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I will be speaking at Deutshce SQL Server Konferenz 2015 (#SQLKonferenz). The conference is from 3-5 February in Darmstadt, near Frankfurt. The first day is a PreCon day with Power Workshops, and the two other days are MainCon days with four parallel tracks: Administration, Business Intelligence, Development and Information Management.
My Biml introduction session called “Generate SSIS Packages Automatically with Biml and BimlScript” is scheduled for Thursday, February 5th. The lineup of speakers this year is amazing! I hope I get to attend as many sessions as possible myself.
Hope to see you there! Please say hi if you see me :)
We don’t celebrate Thanksgiving in Norway, but I wanted to participate in “What Are You Thankful For?” hosted by Bob (@SQLBob) this year. Instead of posting on a day we don’t celebrate in my country, I decided to wait until the first Sunday in Advent. It marks the start of the time of year where I spend the most time with my family and feel truly thankful for so many things in my life.
I’m thankful for my closest family. My parents, my older sister, my niece, and my dad’s best friend who has been my uncle for as long as I can remember. We have and always will be there for each other, no matter what. At the age of 27 I still look forward to going home and spending time with my family, and I’m lucky to have them in my life.
I’m thankful for wonderful friends, coworkers and #SQLFamily, more than I will ever be able to explain. I had no network and have been fighting a depression and all its nasty companions for many years. Getting to know these people and having them in my life to share smiles, laughs, experiences and memories with, who challenge me to become a better person, who welcomed me from day one… They changed my life and keep me going every day. Thank you.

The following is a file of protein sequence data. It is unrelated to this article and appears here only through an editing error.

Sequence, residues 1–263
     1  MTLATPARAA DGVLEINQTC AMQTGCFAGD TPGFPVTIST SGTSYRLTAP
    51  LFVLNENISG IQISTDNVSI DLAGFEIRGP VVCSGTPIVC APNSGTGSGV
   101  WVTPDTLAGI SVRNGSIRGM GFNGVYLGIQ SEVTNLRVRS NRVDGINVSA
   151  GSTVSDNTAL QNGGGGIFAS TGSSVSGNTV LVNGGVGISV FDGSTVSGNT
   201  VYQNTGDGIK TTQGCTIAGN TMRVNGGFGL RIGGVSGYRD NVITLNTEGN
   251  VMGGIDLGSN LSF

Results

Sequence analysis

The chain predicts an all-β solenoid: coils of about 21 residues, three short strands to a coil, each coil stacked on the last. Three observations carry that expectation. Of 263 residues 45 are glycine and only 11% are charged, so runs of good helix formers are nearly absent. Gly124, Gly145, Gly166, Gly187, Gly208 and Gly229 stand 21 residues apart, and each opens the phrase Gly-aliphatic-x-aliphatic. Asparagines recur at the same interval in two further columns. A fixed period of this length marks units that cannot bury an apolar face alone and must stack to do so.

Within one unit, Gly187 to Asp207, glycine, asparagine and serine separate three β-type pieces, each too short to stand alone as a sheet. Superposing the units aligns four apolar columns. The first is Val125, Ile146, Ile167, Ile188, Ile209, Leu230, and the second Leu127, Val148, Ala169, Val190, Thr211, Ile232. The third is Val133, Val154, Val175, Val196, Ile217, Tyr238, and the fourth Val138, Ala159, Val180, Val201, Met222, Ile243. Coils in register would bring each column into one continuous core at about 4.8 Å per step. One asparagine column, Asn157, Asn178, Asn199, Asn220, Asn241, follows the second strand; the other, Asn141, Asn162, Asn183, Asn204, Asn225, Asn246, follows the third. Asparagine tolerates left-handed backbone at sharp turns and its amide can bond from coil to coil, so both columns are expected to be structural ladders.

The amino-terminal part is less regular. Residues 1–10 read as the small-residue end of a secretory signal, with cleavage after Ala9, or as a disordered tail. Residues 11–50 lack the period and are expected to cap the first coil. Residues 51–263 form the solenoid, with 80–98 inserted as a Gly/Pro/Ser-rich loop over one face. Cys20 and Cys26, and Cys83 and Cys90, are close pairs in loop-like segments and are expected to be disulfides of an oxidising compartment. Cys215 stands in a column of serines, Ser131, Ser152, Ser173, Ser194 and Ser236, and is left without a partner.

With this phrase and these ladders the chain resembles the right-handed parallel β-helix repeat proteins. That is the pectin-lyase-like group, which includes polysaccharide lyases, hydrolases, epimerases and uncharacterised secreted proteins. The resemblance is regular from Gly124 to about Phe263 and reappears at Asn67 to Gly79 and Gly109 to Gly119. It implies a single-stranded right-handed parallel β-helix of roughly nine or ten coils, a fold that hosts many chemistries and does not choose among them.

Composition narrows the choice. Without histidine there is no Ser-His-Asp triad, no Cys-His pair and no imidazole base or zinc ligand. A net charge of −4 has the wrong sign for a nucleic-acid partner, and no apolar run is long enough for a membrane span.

I’m thankful that I have the opportunity to help others. I discovered Kiva years ago and instantly fell in love with the idea of microloans and helping people create better lives for themselves. I believe it’s important for everyone to achieve something, and I hope that the borrowers are left with a feeling of “I did this! I did this!” when they’ve paid back their loan. $25 is so little to me, but it can change someone’s life. In Norway I support The Church City Mission in Oslo because they work hard for a better society for everyone.
I’m thankful I’m healthy, I have a secure job, I live in a safe country where I will get help if I need it, I get to travel and see new places, I get to experience four seasons with dark winters and the overwhelming joy when it gets lighter and warmer. I’m thankful I have so many things to be thankful for :)
Yesterday I had the pleasure of speaking at The Code Pub Oslo, a meetup for women who are interested in IT. It’s a great concept where they get together, learn about new technology, and spend the rest of the evening working on projects. It was their one-year anniversary and in just one year they have grown from 5 to over 130 members.